Neonatal porencephaly and adult stroke related to mutations in collagen IV A1
Article first published online: 22 DEC 2005
Copyright © 2003 American Neurological Association
Annals of Neurology
Volume 59, Issue 3, pages 504–511, March 2006
How to Cite
van der Knaap, M. S., Smit, L. M. E., Barkhof, F., Pijnenburg, Y. A. L., Zweegman, S., Niessen, H. W. M., Imhof, S. and Heutink, P. (2006), Neonatal porencephaly and adult stroke related to mutations in collagen IV A1. Ann Neurol., 59: 504–511. doi: 10.1002/ana.20715
- Issue published online: 17 FEB 2006
- Article first published online: 22 DEC 2005
- Manuscript Accepted: 19 SEP 2005
- Manuscript Revised: 3 SEP 2005
- Manuscript Received: 9 AUG 2005
The objective of this study was to describe leukoencephalopathy, lacunar infarcts, microbleeds and macrobleeds in the context of a collagen IV A1 mutation.
We examined a family with autosomal dominant porencephaly, in whom a defect in collagen IV A1 was detected recently. The patients underwent neurological, ophthalmological, and cardiological examinations and magnetic resonance imaging of the brain. Electron microscopy of a skin biopsy was performed. Extensive laboratory screening was performed for thrombophilia and increased bleeding tendency.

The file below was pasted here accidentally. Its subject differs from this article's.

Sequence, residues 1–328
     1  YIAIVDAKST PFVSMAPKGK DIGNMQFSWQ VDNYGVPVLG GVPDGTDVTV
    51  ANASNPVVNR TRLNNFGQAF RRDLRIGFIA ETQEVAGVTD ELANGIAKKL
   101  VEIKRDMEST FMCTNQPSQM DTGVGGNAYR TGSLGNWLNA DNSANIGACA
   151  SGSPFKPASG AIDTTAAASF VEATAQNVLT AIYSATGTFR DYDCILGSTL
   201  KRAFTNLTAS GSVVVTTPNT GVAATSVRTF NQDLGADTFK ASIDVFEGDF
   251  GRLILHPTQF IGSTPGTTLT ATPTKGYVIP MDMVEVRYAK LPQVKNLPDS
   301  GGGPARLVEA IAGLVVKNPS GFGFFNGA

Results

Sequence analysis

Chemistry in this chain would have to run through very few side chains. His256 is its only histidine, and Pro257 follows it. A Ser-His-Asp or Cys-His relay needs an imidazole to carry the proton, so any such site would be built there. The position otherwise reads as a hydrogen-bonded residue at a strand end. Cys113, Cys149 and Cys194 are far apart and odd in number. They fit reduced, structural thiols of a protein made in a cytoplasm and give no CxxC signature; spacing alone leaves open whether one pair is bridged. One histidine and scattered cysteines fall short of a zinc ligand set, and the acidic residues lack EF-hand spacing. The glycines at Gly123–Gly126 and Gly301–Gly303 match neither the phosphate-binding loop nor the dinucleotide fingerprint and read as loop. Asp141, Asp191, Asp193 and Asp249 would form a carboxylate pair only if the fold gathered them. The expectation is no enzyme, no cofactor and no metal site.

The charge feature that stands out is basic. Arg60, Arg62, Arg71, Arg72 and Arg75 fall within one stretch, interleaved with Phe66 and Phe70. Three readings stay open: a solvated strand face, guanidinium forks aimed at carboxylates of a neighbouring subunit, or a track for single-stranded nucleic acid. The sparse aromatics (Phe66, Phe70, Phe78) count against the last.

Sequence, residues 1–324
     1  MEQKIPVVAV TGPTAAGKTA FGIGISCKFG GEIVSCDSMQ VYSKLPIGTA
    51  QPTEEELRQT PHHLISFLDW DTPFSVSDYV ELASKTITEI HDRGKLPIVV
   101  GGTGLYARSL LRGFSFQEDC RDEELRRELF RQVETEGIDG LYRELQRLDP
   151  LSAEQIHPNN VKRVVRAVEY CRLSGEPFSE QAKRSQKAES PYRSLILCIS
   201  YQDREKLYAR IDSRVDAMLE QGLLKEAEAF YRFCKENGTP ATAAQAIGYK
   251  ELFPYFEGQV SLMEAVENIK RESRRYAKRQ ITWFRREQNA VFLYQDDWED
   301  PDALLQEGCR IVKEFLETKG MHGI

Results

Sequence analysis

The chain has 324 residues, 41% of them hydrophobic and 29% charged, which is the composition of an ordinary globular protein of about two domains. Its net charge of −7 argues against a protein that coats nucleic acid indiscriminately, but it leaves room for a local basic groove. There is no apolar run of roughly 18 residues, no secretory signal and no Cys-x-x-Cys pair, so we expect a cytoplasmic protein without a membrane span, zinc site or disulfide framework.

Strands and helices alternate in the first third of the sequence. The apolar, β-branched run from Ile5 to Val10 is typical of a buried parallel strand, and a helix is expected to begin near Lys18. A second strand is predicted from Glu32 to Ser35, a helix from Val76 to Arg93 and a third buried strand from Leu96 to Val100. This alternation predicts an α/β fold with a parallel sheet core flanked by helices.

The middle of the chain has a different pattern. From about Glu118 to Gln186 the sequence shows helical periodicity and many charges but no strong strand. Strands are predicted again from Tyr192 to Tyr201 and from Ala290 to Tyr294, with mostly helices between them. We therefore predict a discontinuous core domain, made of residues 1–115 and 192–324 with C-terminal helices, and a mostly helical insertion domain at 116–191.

The porencephaly was symptomatic in the infantile period in two patients, whereas it led to only minor neurological dysfunction in their affected mother. However, she experienced development of recurrent strokes in her 40s. In addition to the porencephaly, all patients had a leukoencephalopathy, which was most severe in the mother. Her magnetic resonance imaging results also showed lacunar infarcts, macrobleeds and a multitude of microbleeds. No other risk factors for recurrent stroke were found. Electron microscopy showed interruptions of the basement membrane of skin capillaries and inhomogeneous thickening of the basement membrane with pools of basement membrane fragments.
Leukoencephalopathy, ischemic infarcts, microbleeds, and macrobleeds are indicative of an underlying microangiopathy, of which the best-known causes are hypertension, cerebral autosomal dominant arteriopathy with subcortical infarcts and leukoencephalopathy, and cerebral amyloid angiopathy. Mutations in collagen IV A1, a major component of the vascular basement membrane, appear to be another risk factor. Ann Neurol 2005